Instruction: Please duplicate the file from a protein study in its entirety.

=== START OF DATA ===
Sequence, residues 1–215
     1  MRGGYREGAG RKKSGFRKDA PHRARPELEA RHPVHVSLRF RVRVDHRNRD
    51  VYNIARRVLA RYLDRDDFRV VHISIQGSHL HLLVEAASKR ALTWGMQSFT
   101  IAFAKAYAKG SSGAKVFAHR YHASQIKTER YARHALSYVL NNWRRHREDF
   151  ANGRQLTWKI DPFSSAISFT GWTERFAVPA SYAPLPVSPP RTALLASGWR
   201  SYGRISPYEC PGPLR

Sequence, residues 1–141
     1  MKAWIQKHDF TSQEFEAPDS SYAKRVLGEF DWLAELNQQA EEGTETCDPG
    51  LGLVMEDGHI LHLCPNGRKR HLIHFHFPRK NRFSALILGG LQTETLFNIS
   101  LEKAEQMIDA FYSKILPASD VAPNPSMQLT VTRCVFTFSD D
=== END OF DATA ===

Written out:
Sequence, residues 1–215
     1  MRGGYREGAG RKKSGFRKDA PHRARPELEA RHPVHVSLRF RVRVDHRNRD
    51  VYNIARRVLA RYLDRDDFRV VHISIQGSHL HLLVEAASKR ALTWGMQSFT
   101  IAFAKAYAKG SSGAKVFAHR YHASQIKTER YARHALSYVL NNWRRHREDF
   151  ANGRQLTWKI DPFSSAISFT GWTERFAVPA SYAPLPVSPP RTALLASGWR
   201  SYGRISPYEC PGPLR

Sequence, residues 1–141
     1  MKAWIQKHDF TSQEFEAPDS SYAKRVLGEF DWLAELNQQA EEGTETCDPG
    51  LGLVMEDGHI LHLCPNGRKR HLIHFHFPRK NRFSALILGG LQTETLFNIS
   101  LEKAEQMIDA FYSKILPASD VAPNPSMQLT VTRCVFTFSD D